EEG and Epilepsy Diagnosis

Epilepsy is a neurological (brain) disease that causes people to have seizures. Epilepsy is a type of seizure disorder in which clusters of nerve cells in the brain (neurons) behave abnormally. Neurons normally create tiny electrical signals in a regular rhythm. These signals tell other parts of the brain and body what to do.1,2

With epilepsy, neurons create too many electrical signals, too quickly. Some doctors describe this as an electrical storm in the brain. This storm causes a wide variety of physical and mental changes, such as:1,2

  • Loss of consciousness
  • Muscle spasms
  • Loss of muscle tone
  • Changes in senses and emotions
  • Sudden stillness
  • Staring
  • Repetitive movements like lip-smacking

An electroencephalogram (EEG) is a test that measures electrical activity in the brain. Your test results will be reviewed by a neurologist, a doctor who specializes in nervous system disorders. Usually, an epileptologist or neurophysiologist will read your EEG. These doctors are neurologists with extra training in reading and interpreting EEGs.3

Not all seizures are caused by epilepsy. Seizures may be caused by a host of other health conditions. An EEG can help confirm epilepsy or rule out other conditions.

Preparing for an EEG

An EEG is a painless test. It can be performed in a hospital, in a doctor’s office, or at home. Sometimes, video is used to record the EEG session. The test may last from 20 minutes to hours in a hospital or office. An EEG can also last 1 to 3 days if the person wears the device home or stays in the hospital for a longer period.4

A technician will stick many electrodes to your head. Electrodes are small, metal, cup-shaped disks connected to a box by wires. The box is connected to an EEG machine. These wires record the electrical activity in your brain.5

For EEGs performed in a hospital or office, the test may include flashing lights or fast breathing in an attempt to provoke abnormal brain activity. Video provides a visual record of a person’s seizures, and this can help diagnose the particular type of seizure.4,6

After the test, you may have some sticky goo in your hair or on your scalp. Hair conditioner will help remove the glue.3

When an EEG may be needed

Your doctor may order an EEG for several reasons:3

  • You have had a first seizure, and they need to confirm the seizure was caused by epilepsy.
  • You have been diagnosed with epilepsy, and they need to know more about it.
  • You need to prepare for epilepsy surgery.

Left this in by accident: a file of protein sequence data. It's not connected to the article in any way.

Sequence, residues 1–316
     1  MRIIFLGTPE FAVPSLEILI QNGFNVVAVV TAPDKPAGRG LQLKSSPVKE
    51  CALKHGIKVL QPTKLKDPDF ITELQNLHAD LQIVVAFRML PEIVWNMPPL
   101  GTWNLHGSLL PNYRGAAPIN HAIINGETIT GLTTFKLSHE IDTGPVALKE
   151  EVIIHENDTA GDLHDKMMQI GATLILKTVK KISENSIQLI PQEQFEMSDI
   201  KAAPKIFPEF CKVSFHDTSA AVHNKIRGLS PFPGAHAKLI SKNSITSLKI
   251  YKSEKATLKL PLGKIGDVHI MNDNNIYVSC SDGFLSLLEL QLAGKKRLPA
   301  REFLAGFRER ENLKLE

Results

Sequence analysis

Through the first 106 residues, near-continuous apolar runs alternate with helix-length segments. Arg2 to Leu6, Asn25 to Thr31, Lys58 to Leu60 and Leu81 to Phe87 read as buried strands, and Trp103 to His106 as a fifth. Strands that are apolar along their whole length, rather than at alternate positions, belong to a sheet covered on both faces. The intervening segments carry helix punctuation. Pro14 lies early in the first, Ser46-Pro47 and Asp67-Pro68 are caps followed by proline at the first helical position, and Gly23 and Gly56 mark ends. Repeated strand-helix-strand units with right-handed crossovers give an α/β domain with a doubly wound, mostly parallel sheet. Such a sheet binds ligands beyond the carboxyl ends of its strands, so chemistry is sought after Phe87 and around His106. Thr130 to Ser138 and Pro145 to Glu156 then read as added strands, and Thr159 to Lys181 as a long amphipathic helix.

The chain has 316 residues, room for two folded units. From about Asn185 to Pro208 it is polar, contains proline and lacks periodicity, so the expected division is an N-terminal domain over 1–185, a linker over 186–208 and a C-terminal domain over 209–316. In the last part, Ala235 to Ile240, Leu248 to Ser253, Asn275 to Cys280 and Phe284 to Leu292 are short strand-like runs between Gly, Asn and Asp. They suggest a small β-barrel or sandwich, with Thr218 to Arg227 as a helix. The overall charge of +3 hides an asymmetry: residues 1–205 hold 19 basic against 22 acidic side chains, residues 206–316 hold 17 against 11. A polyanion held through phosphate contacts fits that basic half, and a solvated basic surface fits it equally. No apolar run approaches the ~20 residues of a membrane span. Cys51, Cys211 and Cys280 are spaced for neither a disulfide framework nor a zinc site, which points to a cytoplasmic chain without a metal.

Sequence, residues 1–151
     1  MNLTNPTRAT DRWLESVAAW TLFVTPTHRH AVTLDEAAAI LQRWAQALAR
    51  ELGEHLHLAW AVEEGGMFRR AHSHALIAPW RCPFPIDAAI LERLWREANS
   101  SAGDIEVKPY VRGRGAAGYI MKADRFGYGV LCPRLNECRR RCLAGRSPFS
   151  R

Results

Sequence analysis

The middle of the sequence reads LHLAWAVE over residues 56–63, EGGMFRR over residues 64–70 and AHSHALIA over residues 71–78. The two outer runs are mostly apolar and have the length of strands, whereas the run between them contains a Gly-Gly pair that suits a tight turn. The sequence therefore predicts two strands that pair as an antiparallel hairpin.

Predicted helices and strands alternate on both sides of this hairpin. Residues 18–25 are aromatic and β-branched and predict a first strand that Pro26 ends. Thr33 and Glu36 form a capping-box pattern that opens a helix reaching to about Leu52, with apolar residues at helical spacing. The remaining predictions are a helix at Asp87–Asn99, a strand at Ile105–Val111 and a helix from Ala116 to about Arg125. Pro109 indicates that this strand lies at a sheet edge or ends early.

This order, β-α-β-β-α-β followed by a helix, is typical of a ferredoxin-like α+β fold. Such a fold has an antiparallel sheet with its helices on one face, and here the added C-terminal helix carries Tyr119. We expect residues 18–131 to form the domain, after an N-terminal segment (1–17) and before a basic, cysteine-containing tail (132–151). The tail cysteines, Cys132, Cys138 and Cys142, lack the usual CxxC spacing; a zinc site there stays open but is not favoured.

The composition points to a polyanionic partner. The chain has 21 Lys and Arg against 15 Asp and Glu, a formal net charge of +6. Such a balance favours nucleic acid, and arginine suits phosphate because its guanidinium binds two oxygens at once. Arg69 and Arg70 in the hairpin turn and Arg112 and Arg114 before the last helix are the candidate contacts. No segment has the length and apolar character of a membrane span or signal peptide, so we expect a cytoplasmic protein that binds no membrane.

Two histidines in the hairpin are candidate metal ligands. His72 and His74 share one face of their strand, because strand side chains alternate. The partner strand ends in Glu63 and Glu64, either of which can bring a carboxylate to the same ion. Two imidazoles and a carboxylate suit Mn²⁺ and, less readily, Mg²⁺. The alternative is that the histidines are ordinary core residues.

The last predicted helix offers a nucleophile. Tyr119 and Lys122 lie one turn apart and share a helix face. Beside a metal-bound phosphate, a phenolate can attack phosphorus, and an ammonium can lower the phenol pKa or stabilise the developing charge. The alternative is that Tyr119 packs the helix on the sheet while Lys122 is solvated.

• You are about to change or have changed anti-seizure drugs.
  • They suspect you are in non-convulsive status epilepticus.

What do the test results mean?

An EEG measures electrical activity at the time of the test. Some people with certain types of epilepsy have unusual patterns in their brainwaves even when they are not having a seizure. This can help your doctor understand more about your epilepsy.3

About half of people have an EEG that shows normal brain activity. That is because a person’s brain waves may return to normal between seizures. An EEG done several hours or days later may not pick up on any changes. So unless someone has a seizure during their EEG, the test will appear normal.6

Many people with true epileptic seizures can have a normal EEG even during a seizure. This is because the EEG does not always capture seizures that are very deep in the brain or in small areas between the scalp electrodes. Even if an EEG is normal, a doctor can still diagnose you with epilepsy based on your health history.6

An EEG does not always tell a doctor if there is damage to the brain or some physical issue with the brain. It may sometimes suggest these things. An MRI will be most helpful to show whether there is structural damage in the brain.3

Other tests for epilepsy

To diagnose epilepsy, your doctor will also order other tests and conduct a physical exam. The other tests may include:1,2

  • Urinalysis
  • Brain imaging tests
  • Blood tests
  • Spinal tap (lumbar puncture)
  • Hospital monitoring
  • Genetic testing

Once you have been diagnosed with epilepsy and are taking anti-seizure drugs, you may need regular blood work.

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Written by: Jessica Johns Pool | Last reviewed: November 2021